So we assume. We assume that everyone else has a better, more ‘controlled’ life than we do but they don’t – they’re just better at hiding it; they have a stronger mask. They’re feeling just as alone as you but are unwilling to admit it to themselves and each other.

We do need to wear masks where appropriate but the danger is, we no longer know how or when to take them off and show our real selves. We don’t know if anyone will accept us as we are. So we feel lonely because we fear honesty.

But you are not alone.

You may not feel you have anyone in your contacts list to call when you’re crying yourself into hyperventilation and just need to rant about life and you may not have anyone in your immediate life that necessarily understands your illness but that doesn’t mean there aren’t others out there feeling the exact same way as you in that moment. Doesn’t mean that someone right now, as you read this, isn’t crying with perceived loneliness. Because they are. Just as you and I have done in the past.

Our suffering is both unique and common to those plagued by mental illness.

We suffer in silence and that is the only, real, reason you feel alone right now. Because we are so afraid to confess to the struggle. So afraid to say, as an adult, that life is painful and hard and that we need some support and help.

So I’m here to say the opposite.

I’m an adult and I suffer greatly in the confines of my own mind and body and I find that extremely painful and hard at times.

But I am not alone.

And neither are you.

  • Kirsty


    What perfect timing. I hope I am on my way out of a massive ‘dip’ but the last few weeks have been awful. I’ve dragged myself out of bed to get to work but the second I get home I’m back to bed. I’ve lost 8lbs and researched various ways to rnd things. And I’ve done it on my own. I tell myself it’s not fair to burden others as they have their own stuff going on. I hate people seeing me when I’m like this. I don’t have the energy to talk or be social. All effort is saved for work. Yet I know that many friends would have supported me even if just via text. It’s the shame of being like this. Yet if I had diabetes or ms I would most likely call for help and people would be more willing to help. What a tangled web we weave for ourselves x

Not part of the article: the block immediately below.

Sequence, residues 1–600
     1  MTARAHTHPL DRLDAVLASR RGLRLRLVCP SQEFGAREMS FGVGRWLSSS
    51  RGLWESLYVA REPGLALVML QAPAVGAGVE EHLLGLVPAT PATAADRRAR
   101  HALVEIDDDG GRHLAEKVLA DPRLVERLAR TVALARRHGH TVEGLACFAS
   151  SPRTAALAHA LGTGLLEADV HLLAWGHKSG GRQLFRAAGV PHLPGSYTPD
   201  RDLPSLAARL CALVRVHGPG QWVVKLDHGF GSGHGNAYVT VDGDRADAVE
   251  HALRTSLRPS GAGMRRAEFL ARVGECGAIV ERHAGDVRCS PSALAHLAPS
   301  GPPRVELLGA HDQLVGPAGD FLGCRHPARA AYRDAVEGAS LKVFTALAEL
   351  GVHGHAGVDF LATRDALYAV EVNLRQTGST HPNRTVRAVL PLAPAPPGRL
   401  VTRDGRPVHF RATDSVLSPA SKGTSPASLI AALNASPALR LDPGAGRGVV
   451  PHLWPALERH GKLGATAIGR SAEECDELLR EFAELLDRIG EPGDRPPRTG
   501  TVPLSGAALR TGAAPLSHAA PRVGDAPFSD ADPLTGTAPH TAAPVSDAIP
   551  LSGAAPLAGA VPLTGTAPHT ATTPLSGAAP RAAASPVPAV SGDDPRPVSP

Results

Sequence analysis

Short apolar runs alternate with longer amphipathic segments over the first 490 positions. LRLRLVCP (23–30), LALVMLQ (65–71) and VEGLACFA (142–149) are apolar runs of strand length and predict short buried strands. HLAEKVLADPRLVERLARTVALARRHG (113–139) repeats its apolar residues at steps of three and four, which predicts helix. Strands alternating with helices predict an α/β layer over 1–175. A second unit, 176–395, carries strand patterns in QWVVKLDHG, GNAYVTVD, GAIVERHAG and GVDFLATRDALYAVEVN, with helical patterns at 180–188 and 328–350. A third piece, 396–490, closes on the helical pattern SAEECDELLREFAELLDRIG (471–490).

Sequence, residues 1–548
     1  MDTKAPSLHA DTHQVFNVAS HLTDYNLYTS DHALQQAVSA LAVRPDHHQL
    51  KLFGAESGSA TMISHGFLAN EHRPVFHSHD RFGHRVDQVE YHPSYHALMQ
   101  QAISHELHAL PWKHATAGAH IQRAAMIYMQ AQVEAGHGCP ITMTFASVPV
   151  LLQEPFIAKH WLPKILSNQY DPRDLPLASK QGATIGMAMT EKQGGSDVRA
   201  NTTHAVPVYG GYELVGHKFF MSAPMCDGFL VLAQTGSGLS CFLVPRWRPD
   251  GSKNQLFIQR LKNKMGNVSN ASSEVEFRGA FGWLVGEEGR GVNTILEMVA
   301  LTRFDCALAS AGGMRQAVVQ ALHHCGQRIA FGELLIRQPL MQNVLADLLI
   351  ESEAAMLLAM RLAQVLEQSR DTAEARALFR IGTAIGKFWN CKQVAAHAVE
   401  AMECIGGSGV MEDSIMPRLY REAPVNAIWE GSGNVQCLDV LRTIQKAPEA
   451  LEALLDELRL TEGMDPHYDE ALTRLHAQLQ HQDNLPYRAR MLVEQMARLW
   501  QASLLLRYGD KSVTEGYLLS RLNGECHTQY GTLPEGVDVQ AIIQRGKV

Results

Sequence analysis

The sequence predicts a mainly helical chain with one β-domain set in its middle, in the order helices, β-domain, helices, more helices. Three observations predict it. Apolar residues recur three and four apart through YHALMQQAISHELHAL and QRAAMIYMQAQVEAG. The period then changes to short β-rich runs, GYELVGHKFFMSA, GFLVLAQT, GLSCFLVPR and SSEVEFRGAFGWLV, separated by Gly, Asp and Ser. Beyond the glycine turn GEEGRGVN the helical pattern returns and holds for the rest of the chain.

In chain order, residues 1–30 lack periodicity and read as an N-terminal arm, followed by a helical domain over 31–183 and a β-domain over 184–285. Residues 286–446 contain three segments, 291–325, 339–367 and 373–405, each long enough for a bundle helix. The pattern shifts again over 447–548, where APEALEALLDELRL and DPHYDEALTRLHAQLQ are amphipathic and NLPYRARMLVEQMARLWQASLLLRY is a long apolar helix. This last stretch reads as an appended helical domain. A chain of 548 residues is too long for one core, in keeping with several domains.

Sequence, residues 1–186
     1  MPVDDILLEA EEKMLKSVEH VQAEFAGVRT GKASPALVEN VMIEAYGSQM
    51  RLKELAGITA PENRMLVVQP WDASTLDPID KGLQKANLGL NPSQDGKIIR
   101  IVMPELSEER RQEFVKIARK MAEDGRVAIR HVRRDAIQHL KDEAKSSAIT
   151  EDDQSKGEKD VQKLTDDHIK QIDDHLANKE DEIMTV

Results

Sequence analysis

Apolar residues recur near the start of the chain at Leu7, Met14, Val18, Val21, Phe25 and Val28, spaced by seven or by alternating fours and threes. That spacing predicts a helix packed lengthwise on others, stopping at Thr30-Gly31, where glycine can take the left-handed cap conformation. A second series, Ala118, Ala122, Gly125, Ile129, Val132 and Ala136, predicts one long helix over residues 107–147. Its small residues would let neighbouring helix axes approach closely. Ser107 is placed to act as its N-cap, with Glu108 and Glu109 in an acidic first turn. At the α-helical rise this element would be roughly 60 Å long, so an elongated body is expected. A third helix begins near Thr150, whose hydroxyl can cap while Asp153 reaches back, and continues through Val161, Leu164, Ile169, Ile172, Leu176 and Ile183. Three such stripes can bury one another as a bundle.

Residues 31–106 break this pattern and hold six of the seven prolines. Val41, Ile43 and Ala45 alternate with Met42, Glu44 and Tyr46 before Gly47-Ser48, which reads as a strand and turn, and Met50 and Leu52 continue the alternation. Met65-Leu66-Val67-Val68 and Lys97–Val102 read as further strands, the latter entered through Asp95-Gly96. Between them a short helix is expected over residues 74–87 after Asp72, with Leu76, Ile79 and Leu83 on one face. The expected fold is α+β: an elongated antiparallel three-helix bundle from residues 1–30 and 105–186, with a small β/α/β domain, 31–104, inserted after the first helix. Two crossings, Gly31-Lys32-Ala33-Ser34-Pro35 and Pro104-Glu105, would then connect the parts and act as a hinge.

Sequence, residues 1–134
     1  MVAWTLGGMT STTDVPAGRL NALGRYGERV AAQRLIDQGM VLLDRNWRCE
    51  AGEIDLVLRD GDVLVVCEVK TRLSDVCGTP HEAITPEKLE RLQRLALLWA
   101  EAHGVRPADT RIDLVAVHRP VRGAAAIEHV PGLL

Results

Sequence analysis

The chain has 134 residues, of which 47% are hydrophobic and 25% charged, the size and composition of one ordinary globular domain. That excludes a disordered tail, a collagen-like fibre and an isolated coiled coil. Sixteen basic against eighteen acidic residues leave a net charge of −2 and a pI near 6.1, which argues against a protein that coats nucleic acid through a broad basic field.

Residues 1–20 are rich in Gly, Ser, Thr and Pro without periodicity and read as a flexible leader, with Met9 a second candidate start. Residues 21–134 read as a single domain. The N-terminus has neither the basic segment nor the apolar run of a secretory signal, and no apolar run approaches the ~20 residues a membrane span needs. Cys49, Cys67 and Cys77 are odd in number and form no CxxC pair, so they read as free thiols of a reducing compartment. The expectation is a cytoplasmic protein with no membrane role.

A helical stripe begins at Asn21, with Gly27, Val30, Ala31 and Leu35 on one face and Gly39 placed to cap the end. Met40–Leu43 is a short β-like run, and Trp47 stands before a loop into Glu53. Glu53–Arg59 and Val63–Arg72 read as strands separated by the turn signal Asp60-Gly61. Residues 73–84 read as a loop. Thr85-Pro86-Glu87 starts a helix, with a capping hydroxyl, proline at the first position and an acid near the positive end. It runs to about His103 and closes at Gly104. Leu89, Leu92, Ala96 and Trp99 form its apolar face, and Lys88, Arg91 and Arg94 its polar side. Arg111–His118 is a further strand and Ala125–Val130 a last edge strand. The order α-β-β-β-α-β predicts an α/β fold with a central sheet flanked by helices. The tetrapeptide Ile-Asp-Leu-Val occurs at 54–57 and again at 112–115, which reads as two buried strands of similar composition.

• Toni

      Kirsty – my heart breaks to hear how much you have suffered alone but I can also completely understand your perspective and lack of energy so you’ll get no judgement for me! You should be exceptionally proud of yourself for even finding the courage to get out of bed and function whilst at work; that takes so much mental and physical energy when you’re struggling so acutely! I don’t always text friends for support but when I do, they really do help. Was there a particular reason you didn’t feel like telling them how you were feeling? I completely appreciate not wanting to be seen when you felt like that but I think a lot of the time what we crave is validation of our suffering; that someone recognises how much we’re struggling and a small thing such as a text can do that for you. Either way, you have must sympathy for your suffering and respect for fighting on despite, I imagine, not wanting to x